A Guide to Limiting the Damage Done by the Supremes in Mayo

One of the reasons that those knowledgeable about patent law get agitated when anti-patent forces criticize the patent system is because despite what they want to think it is not easy to obtain a patent.  This should be self evident really if you stop and think about it.  When was the last time in your own life that something valuable was easy to obtain?  Has anything valuable ever just been handed over to you or fallen into your lap?  Assuming that you were not born with a silver spoon in your mouth the answer is no.  So why then are so many people willing to accept the utter nonsense of those who detest patents?  Curious when you stop and think about it.

Unfortunately, the patent illiterate are not simply confined to the anti-patent community. Justices on the Supreme Court know so little about patent law it is near depressing that they actually have the authority to decide patent cases, which frankly Congress should put a stop to if you ask me.  For at least now the Supreme Court does get to have the final, often incoherent word on patent matters in cases that they take.  For example, in the recent 9-0 Mayo v. Prometheus decision Justice Breyer, writing for a unanimous Court, explained that the invention in question did not exhibit patent eligible subject matter because the steps in the claims were well known.  If any patent law student anywhere in the country, at any law school in the country, wrote such a thing they would receive 0 points for that question and almost certainly fail the entire exam.  The Supreme Court unquestionably made a grave and fundamental error, leaving it to the Patent Office and lower courts to figure out how it is possible to reconcile the ever growing list of irreconcilable patent precedents from the Supreme Court.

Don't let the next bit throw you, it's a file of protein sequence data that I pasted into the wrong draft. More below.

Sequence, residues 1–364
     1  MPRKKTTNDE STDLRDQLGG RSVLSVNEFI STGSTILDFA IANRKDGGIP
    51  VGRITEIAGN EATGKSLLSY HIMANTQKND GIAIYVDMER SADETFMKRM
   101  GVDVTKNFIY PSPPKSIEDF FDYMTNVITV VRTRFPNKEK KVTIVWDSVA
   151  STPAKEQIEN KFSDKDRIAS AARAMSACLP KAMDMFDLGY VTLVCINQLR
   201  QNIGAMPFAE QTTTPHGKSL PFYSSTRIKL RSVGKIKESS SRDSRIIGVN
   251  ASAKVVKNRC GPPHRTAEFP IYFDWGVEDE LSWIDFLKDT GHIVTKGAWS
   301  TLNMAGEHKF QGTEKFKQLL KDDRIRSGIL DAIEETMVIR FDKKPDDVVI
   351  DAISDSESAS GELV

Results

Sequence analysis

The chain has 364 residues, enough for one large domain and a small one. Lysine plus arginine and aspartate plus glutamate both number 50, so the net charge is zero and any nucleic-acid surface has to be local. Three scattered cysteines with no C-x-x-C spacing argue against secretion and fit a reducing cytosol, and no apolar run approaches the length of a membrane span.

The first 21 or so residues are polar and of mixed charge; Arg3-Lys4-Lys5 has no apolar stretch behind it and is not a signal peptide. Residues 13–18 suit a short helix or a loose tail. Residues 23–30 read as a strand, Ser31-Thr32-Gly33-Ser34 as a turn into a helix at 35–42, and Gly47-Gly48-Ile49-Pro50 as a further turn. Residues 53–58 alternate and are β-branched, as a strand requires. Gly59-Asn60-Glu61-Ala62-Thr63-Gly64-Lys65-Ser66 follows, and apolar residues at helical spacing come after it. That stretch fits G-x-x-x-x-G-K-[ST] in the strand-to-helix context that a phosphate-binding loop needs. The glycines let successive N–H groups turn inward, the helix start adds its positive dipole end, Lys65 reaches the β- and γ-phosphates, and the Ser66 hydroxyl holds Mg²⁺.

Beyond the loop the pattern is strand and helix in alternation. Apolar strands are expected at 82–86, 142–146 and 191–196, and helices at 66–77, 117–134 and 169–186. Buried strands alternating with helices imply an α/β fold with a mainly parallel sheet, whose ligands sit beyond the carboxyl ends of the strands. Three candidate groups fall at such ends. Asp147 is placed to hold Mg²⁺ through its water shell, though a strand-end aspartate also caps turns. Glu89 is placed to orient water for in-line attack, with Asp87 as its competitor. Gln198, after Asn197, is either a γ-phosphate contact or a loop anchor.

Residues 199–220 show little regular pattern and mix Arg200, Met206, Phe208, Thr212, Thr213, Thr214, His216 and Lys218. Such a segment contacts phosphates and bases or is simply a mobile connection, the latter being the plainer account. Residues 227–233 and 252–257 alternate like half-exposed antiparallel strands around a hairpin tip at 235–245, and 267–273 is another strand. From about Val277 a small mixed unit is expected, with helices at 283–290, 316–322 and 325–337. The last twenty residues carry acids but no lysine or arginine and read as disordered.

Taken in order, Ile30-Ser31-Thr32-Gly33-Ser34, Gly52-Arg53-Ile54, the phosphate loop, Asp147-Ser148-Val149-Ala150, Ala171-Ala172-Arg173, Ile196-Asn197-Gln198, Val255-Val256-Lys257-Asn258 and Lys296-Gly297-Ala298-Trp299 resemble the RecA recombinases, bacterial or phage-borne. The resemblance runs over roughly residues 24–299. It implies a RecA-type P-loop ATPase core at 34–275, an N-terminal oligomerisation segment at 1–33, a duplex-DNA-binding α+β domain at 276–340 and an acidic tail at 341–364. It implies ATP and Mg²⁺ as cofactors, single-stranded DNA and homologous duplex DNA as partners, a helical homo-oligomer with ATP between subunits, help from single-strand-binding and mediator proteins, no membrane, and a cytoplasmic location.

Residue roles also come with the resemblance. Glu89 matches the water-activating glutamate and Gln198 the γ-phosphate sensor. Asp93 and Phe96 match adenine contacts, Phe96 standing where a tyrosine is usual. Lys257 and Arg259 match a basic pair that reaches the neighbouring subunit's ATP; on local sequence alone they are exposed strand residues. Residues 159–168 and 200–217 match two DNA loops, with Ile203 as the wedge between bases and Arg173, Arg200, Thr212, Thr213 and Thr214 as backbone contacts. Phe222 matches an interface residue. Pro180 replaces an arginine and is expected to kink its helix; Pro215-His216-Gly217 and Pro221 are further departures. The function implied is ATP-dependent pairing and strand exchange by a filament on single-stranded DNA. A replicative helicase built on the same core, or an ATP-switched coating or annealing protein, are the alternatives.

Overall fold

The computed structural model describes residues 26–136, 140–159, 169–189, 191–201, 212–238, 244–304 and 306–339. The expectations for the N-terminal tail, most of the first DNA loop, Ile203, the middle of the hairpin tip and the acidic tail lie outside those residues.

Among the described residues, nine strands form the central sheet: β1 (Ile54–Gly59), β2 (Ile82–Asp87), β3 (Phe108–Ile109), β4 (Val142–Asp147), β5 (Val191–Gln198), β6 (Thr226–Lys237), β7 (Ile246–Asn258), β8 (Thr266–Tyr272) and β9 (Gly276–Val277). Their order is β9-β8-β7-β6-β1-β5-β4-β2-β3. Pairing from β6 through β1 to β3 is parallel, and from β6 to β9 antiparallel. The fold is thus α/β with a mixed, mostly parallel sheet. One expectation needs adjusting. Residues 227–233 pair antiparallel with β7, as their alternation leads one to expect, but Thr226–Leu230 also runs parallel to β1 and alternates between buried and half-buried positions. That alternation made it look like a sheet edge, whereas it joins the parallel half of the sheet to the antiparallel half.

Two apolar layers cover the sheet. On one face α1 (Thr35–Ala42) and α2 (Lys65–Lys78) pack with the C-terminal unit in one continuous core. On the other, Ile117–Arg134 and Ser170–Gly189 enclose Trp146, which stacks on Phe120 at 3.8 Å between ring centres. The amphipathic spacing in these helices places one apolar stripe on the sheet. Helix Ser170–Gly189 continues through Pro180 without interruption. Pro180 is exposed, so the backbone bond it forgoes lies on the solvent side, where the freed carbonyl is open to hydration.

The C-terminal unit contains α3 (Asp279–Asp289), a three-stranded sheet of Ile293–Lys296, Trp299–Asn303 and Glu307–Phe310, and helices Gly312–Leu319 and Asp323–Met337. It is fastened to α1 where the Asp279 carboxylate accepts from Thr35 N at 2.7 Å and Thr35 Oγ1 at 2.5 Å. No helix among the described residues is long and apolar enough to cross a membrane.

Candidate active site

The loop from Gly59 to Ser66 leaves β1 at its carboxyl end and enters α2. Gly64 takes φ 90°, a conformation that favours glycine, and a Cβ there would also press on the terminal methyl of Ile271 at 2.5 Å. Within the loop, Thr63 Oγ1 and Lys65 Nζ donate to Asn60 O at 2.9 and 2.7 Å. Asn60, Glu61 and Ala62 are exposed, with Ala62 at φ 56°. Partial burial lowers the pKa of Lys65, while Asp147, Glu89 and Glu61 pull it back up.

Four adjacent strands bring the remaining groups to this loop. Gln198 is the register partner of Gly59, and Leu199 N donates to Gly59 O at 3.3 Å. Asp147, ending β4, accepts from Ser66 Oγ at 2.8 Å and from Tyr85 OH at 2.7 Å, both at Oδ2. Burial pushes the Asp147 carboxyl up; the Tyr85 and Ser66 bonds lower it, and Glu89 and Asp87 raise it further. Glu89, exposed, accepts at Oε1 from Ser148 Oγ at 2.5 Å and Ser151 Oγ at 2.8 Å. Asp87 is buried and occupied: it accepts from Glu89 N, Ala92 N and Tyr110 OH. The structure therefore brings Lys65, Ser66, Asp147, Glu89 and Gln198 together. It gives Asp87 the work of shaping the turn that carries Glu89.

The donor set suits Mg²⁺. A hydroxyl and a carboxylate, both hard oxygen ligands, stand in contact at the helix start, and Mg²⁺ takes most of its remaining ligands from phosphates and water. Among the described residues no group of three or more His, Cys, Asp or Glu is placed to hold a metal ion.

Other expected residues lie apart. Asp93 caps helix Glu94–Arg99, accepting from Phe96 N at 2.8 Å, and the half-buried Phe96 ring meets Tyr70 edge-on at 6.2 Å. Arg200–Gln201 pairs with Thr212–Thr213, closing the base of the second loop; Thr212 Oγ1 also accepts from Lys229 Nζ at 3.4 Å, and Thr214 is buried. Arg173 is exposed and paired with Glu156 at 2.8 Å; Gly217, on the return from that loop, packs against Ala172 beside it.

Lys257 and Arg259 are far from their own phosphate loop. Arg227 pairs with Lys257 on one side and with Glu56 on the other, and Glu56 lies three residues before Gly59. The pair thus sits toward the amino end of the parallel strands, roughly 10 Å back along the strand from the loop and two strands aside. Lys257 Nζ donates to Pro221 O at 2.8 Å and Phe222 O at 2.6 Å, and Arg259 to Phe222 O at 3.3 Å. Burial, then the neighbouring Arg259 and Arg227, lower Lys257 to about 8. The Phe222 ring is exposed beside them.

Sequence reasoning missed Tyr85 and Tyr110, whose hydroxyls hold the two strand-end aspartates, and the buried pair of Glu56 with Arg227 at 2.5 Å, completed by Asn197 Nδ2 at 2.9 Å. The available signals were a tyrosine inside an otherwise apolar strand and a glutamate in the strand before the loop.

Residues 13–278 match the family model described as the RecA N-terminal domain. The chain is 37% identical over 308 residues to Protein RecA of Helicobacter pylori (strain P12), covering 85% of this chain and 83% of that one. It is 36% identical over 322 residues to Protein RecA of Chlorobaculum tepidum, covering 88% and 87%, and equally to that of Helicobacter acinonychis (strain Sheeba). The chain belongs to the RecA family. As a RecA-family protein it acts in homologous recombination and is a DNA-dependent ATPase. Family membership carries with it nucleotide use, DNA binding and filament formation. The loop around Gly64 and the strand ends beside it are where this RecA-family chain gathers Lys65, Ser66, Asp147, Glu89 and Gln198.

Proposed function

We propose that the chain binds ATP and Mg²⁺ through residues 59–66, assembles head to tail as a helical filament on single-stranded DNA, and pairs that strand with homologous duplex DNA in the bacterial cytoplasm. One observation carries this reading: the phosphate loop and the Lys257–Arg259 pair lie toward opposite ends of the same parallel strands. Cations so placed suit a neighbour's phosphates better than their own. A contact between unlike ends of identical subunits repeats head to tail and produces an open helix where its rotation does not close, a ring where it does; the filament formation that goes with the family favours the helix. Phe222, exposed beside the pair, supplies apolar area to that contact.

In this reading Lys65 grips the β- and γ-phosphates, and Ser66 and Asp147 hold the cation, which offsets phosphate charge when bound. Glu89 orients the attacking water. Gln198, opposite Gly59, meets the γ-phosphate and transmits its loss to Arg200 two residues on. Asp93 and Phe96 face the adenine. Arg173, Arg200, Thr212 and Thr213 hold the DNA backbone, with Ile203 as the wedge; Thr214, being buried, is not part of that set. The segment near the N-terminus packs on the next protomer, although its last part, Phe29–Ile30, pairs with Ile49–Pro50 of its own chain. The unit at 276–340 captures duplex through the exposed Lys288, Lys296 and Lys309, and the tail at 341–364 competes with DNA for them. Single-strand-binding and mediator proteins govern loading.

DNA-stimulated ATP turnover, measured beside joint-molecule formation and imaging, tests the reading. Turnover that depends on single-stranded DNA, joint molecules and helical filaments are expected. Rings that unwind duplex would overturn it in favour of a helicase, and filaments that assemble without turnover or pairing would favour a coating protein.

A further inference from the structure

In Mayo v. Prometheus, Justice Breyer explained the Court would not accept the invitation of the government to address the patentability of the Prometheus claim by discretely analyzing the issues presented under 101, 102, 103 and 112.  Instead the Court decided to wrap up the entirety of the patentability analysis under 101, circumventing the Statutory scheme.  Breyer wrote:

These considerations lead us to decline the Govern­ment’s invitation to substitute §§102, 103, and 112 inquir­ies for the better established inquiry under §101.

Frankly, it is not an “invitation” to analyze patentability under 101, 102, 103 and 112 — it is a mandate.  So when Breyer and the Supremes say they are not taking the invitation of the government they are affirmatively and consciously deciding not to follow the statutorily prescribed, mandatory analysis.  Whether Justice Breyer thinks it is far better to have a single inquiry rather than the sprawling inquiries mandated by 102, 103 and 112 is not supposed to be of any consequence.  The fact that all 9 Judges blindly were willing to ignore the statutory scheme is disheartening to say the least.